El Porton marks one end of the Camino de la Virgen, an important track allowing fishermen to get their catch up to Adeje town and when pirates showed up they were able to transfer the statue of the Virgen from the tiny La Enramada to the safer inland church of Santa Ursula. The track of the pathway is etched with the constant flow of the years and despite the modern intrusion of the motorway, power lines, and the five star hotels at the bottom end, it still has a comforting serenity. The old water channel has long since dried up but the tabaiba, and cardon plants still thrive and defy the bone dry old reservoir.

It’s just a 2 km stroll but several stop offs along the way are set aside for worship, La Tosca Colorada is the first on the way down, the big focal point is El Humilladero where a natural altar has been carved out under a limestone outcrop. The second Sunday after Easter marks the big pilgrimage as the statue of the Virgen is taken down the route and onto the Playa La Enramada in La Caleta. Just across the modern main road at the bottom end is the old original church and it’s imposing modern replacement. I was greeted by a melodic peel of bells as the clock struck noon. It’s quite a contrast from the modern tourist hotels to the pathway up to Adeje with the added attraction of Roque del Conde in the distance. I was very pleased with my short journey and I’m sure the banana loving sculpture at the other end will still have his benevolent smile next time I see him.

Candelaria And Guimar Unfold Beneath La Mesa

Even the oil refinery and the motorway into Santa Cruz looked attractive viewed from my lofty perch in the hills above Candelaria. It was breather time a couple of hours into the La Mesa walk from Igueste to Araya and after a false start I was having some doubts about the trail I was following.


After trying the Samarines coastal route last year I was keen to try another suggestion from the Candelaria Ayuntamiento leaflet, this time it started in an inland area I was not familiar with. An early toddle around the basilica town and I caught the 131 Titsa bus to Igueste, a local advised me to head for the cemetery thankfully it wasn’t a veiled insult, just a helpful nudge down from the final bus stop at the church to the Plaza Dimas Coello with its wine press. I thought it would be a small village but it stretched and wound along several steep streets and had a nice combination of old and new buildings. Local pride was clear from notices urging a fight against any cut back in their bus lifeline, and announcements of the Good Friday morning procession at 6 am.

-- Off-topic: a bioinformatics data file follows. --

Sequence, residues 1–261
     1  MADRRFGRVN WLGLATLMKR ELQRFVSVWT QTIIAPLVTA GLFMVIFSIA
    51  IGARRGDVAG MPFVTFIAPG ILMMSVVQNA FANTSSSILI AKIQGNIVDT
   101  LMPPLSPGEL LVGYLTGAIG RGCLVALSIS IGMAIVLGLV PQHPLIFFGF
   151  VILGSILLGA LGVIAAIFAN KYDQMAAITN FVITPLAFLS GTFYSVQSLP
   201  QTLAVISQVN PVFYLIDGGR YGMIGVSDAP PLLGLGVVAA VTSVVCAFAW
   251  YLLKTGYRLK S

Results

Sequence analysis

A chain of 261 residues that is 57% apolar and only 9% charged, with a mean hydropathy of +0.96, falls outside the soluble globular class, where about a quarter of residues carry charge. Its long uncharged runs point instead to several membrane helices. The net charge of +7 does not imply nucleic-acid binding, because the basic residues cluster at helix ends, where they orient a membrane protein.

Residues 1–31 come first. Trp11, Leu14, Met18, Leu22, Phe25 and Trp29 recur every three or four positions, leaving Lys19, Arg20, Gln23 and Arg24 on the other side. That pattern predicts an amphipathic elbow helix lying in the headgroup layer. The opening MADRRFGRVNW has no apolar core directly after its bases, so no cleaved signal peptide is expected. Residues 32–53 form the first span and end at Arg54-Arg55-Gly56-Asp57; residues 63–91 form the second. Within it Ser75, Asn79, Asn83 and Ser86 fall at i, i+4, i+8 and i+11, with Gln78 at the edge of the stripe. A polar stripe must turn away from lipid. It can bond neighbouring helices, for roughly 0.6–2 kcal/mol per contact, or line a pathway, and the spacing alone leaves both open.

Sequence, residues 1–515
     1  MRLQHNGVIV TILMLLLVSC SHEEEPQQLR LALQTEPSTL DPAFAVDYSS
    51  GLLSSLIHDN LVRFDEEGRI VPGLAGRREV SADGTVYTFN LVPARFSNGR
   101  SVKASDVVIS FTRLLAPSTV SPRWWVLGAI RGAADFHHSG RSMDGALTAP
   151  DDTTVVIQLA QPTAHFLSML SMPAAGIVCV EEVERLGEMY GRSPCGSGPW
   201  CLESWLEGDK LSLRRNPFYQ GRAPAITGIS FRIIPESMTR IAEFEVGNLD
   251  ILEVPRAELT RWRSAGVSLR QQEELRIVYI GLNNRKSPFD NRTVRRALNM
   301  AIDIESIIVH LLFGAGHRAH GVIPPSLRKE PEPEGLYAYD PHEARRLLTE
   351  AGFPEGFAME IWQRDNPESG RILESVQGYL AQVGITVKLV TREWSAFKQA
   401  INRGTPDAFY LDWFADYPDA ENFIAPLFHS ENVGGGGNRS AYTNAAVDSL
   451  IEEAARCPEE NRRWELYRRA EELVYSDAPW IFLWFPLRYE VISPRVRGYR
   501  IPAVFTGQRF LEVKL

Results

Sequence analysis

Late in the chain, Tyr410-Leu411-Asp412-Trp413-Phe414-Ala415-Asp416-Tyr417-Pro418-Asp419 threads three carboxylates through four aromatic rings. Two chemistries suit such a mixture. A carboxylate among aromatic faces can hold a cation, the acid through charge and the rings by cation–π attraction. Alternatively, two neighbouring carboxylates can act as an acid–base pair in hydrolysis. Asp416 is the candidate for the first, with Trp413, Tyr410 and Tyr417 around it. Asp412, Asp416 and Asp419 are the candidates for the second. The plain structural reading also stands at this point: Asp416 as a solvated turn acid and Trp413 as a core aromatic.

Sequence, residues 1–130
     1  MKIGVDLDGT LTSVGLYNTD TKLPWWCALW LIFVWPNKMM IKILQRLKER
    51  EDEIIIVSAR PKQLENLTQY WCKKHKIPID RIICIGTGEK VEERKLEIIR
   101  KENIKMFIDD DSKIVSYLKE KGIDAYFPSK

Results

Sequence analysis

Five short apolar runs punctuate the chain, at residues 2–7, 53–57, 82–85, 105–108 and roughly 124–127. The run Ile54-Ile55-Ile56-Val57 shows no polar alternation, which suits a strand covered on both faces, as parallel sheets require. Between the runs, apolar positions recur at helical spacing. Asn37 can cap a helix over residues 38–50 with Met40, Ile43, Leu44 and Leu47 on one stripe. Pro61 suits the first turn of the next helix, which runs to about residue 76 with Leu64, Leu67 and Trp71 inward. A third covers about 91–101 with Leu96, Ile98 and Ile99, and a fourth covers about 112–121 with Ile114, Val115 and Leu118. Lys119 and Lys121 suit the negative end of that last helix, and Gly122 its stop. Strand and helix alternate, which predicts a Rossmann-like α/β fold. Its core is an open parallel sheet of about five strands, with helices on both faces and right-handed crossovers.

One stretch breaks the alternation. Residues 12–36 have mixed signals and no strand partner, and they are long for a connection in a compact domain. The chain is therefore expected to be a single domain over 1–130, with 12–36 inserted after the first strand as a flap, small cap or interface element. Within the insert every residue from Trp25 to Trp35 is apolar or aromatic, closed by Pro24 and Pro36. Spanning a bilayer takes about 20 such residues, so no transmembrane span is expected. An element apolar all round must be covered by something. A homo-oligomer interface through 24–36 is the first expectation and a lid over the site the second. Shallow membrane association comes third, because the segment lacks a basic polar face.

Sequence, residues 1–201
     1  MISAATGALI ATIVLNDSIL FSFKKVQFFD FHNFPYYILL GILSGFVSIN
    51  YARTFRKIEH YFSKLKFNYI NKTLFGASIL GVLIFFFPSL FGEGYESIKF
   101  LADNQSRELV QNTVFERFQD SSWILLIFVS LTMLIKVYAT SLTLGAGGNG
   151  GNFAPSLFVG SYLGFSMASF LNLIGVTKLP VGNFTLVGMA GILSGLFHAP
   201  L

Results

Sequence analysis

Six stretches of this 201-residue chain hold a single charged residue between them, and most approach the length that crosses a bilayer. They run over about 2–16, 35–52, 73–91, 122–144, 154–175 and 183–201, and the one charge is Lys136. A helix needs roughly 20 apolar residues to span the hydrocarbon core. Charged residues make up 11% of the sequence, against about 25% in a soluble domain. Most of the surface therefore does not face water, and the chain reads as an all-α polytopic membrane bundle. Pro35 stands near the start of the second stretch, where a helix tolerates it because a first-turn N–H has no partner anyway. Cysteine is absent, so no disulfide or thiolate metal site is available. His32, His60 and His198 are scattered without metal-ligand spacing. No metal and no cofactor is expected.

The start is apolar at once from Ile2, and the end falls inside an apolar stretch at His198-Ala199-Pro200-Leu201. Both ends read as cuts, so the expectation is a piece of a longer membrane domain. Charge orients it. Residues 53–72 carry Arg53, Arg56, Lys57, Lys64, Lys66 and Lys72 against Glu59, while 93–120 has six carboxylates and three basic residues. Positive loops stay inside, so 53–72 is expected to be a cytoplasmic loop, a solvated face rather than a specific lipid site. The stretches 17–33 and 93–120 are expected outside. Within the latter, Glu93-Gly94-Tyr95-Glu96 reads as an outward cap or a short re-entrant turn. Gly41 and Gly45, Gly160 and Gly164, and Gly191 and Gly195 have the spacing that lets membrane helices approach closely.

The walk signs got me to the start point but I picked an old looking downward trail through a barranco and had to come back to follow the tarmac road up to the right before I could connect to the old path heading up La Mesa mountain. The multi language council leaflet was only launched last year and the route showed little sign of regular visitors. It only takes a few weeks for the plants and flowers to encroach on the trail so I had to guess a little but used the overhanging rock ahead as my direction guide. Looking back I could now see the coast winding its way up to the Tenerife capital and the city outskirts were appearing over the horizon. Once past the rock I found more shade as pine trees began to share my progress, looking out to sea Gran Canaria was prominent on the skyline.

The next landmark was the partially ruined Casa de La Mesa, one of the few original dwellings that had defied the years. The path led up and round the pine trees and was now skirting the sides of a series of barrancos, quite tough on thee legs but easy on the eyes. Scaling the brow of a hill it was reward time, the Guimar valley fell away below me with the tower of Candelaria basilica a distant coastal landmark. It was a glorious sight, low whispy cloud was like a transparent dome over the terraced hills and I could see why the valley had inspired tales of mysterious and haunted trails. After plenty of admiring I started the descent down the track, there was much more greenery here and I was soon up to my armpits in flowers and shrubs.

Araya should have been calling me but at the lower level I was strolling through vineyards and almond orchards on farm land nurtured by a strong gushing water channels. La Florida was marked on the modern service road and a quick enquiry at a garden gate told me I had veered off to the side of Araya. The motorway was in sight so I walked downwards along the TF 247 saving a lengthy wait in Araya for the sporadic bus service and I was soon on the Titsa 111 heading south. Even with the detours and snack stops it had only taken me around five hours but my feet assured me I had burst through the official 6.5 km rating. That still leaves another five Candelaria routes to try, they will have to be very special to match La Mesa.